Title: Government Girl
Author: Stacy Parker Aab
Publisher: Ecco; Original edition (January 19, 2010)
Review source: ECCO
Girls like me loved everything about George. We had come to Washington, D.C., to study politics, so he was our role model. We admired his brains and his meteoric rise, yes. But we loved his person, too. His hair. His gold-rimmed glasses. His calmness facing down the daily press storm.
In the open and thoughtful GOVERNMENT GIRL, author Stacy Parker Aab describes her years working in the Clinton White House—first as an intern for George Stephanopoulos while studying at George Washington University– then as staff when she became Special Assistant to Paul Begala. The memoir reads exactly as one imagines Stacy’s experience to be: first a fresh, young wide-eyed 18-year-old becomes a White House intern. Powerful men [not many women unfortunately] like President Clinton. George Stephanopoulos, Rahm Emanuel, Vernon Jordan are all in her midst. She ends up asking Jordan for a recommendation and has some interaction with the others. Nine years later, by the end of her experience, she doesn’t particularly enjoy her job which is more administrative than using her skills as a writer [been there/ done that] and the sparkle and luster have fallen off the White House after the Monica Lewinsky scandal.
I realized then that I was just like those other dreamers at the president’s sleeves that hoped to alchemize his power into success for themselves. Yet I had only wanted to share. To enjoy his nurturing approval. Look what I’ve done since I’ve left, Mr. President.
The President was handing me a cold bottle of water.
The moments slowed and brightened like a videotape flooded with light. I still felt I could finesse the situation. If at any moment something went wrong, if this somehow turned sexual and anybody knew, this would be nuclear. And people always knew. The Starr Report had shown us that the light investigators and journalists shined on this man burned away any lies. Stories like these died in half-lives. Just ask Monica. No one wanted to go through what she had. To live with the shame of not just adultery but worldwide humiliation. To always know what others imagined when they saw you.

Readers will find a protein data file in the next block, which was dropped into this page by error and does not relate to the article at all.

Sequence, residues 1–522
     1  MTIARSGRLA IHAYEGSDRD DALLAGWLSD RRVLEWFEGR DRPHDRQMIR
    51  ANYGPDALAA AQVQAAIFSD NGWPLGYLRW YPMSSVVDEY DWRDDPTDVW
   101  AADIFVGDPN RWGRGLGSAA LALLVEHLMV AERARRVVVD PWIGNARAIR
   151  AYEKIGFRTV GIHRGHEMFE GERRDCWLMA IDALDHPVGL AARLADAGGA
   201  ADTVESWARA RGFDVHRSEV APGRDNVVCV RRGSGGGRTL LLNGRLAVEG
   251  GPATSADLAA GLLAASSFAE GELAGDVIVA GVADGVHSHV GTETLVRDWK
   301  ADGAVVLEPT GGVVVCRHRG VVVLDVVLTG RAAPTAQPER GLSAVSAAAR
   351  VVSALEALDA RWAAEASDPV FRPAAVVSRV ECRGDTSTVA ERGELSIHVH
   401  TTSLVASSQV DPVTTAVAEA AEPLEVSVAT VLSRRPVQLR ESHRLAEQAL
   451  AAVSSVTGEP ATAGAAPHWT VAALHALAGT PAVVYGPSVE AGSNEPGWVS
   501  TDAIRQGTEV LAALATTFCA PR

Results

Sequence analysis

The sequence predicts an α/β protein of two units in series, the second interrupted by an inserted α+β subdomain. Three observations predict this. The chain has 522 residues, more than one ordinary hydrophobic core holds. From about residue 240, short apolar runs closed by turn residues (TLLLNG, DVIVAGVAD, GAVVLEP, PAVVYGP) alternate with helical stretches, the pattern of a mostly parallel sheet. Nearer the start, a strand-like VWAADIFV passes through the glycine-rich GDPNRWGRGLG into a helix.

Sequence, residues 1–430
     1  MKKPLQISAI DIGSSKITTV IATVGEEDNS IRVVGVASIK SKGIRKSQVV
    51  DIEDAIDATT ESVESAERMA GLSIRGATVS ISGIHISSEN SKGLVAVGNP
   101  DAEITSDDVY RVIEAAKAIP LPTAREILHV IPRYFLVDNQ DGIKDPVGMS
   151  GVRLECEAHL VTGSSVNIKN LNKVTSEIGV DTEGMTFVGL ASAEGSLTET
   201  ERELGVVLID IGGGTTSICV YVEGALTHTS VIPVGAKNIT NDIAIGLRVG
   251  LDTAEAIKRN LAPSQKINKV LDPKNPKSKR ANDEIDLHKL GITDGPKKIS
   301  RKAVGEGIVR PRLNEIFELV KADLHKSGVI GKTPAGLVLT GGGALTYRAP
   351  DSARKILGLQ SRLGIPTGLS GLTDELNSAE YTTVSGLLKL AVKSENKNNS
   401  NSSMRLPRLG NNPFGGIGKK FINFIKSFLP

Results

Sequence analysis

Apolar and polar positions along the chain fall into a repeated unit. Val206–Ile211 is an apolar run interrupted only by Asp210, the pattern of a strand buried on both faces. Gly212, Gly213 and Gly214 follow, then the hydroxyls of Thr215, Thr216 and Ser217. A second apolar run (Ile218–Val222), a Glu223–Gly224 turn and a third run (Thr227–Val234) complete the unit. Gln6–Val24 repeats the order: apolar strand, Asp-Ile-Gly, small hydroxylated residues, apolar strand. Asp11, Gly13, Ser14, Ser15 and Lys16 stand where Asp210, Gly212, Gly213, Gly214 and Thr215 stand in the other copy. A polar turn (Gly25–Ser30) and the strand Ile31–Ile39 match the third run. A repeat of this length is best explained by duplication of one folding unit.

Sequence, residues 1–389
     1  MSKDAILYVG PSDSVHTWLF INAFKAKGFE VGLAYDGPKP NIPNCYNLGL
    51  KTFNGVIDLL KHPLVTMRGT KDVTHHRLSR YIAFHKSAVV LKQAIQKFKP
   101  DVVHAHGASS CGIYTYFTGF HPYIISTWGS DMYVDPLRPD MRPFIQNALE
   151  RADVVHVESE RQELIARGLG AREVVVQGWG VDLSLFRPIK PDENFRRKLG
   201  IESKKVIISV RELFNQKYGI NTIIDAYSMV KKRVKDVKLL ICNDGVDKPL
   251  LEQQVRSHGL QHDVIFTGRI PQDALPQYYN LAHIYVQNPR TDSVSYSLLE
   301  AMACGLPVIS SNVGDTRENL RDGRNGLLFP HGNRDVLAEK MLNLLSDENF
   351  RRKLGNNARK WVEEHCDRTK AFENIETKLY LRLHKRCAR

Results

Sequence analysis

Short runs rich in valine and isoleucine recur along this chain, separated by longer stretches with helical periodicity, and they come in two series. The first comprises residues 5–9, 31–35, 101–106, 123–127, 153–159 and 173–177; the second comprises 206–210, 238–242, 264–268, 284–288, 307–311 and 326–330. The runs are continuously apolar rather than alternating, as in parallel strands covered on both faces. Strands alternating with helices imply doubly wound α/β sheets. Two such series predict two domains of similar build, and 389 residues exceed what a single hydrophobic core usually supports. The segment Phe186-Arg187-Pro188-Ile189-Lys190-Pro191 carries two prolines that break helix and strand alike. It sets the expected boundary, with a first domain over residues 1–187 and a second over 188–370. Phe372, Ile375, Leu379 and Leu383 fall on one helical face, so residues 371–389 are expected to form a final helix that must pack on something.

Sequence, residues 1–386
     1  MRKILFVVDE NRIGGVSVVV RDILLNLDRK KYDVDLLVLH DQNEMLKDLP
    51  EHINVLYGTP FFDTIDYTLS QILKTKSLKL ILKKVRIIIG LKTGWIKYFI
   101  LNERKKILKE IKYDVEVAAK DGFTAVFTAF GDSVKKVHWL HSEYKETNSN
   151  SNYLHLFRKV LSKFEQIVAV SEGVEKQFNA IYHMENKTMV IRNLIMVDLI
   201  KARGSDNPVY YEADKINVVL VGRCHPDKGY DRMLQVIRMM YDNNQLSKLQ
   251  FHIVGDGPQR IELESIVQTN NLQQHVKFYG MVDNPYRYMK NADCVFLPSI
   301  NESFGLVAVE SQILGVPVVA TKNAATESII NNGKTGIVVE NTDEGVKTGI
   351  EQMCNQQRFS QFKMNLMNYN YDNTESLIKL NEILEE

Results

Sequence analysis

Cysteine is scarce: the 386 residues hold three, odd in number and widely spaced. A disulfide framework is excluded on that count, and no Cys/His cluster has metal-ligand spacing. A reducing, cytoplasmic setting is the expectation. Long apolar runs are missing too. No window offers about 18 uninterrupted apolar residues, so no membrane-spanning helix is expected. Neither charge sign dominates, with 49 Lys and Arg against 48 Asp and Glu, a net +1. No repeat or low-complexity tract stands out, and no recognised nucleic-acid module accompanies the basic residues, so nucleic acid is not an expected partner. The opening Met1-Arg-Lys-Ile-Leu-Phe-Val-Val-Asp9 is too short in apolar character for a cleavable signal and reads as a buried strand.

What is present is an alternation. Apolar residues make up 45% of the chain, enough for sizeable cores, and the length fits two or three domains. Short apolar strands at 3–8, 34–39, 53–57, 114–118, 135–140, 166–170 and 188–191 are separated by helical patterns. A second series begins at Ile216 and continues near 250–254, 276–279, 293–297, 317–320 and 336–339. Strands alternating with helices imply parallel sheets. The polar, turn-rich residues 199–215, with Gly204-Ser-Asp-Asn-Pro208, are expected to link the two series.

Parker Aab doesn’t speak of sexism, however there aren’t very many women in positions of power at all. In some of her stories on the road, she gets hit on by married Secret Service men and has an awkward encounter with the President in 2000 in Japan. She doesn’t speak of any contact with any women in particular besides some lower level staff members. This makes me sad and I hope that young women in the Obama White House aren’t experiencing the same thing but guess what? Many of the young guys [Rahm Emanuel from the Clinton White House] now work the Obama White House. It most likely is just that she worked in communications with George. She spoke of Dee Dee Meyers but Meyers did not stay very long. As an African-American, she also says that she faced no racism, which is fairly easy to believe for the Clinton White House.
Most of her challenges were due to her age and experience. How can a young woman be expected to take on these responsibilities? Stacy proved herself to the right people and had numerous unique and challenging experiences especially when she worked on the Advance Team and traveled with the President and his staff. She would go ahead to make sure the accommodations were just right: she traveled to Africa, Japan, and several other places including Steven Spielberg’s home in the Hamptons.
Those stacks were like hay that needed to be spun into gold. No firstborn child was at stake, but my reputation was, and all my possibilities in politics, because, having been handed this assignment at eighteen, I believed that my whole future in government rested on how well I performed—for what else did these people have to judge me on? Just my performance.
I wish Stacy had touched more on what she learned while in the White House instead of the day to day. After finishing the memoir, I was jealous of her experience and knew she did a lot of constituent outreach [which I’ve done on a local level]—by answering letters. She did say she was excited to be part of anything to do with the White House and its administration. And I know that many of her responsibilities allowed her to take on greater challenges later on. However, I still didn’t have enough of a grasp on her learning curve during her nine years there. But she chose GOVERNMENT GIRL to be about her experience as a woman learning to navigate the intricacies and dangers of power and privilege. She entered the White House perhaps naïve and awe-struck at 18 and left at 26 with a completely different attitude. For anyone interested in politics or the inner sanctum of the White House, GOVERNMENT GIRL is the ideal memoir.
GOVERNMENT GIRL review appears as part of The TLC Book Tour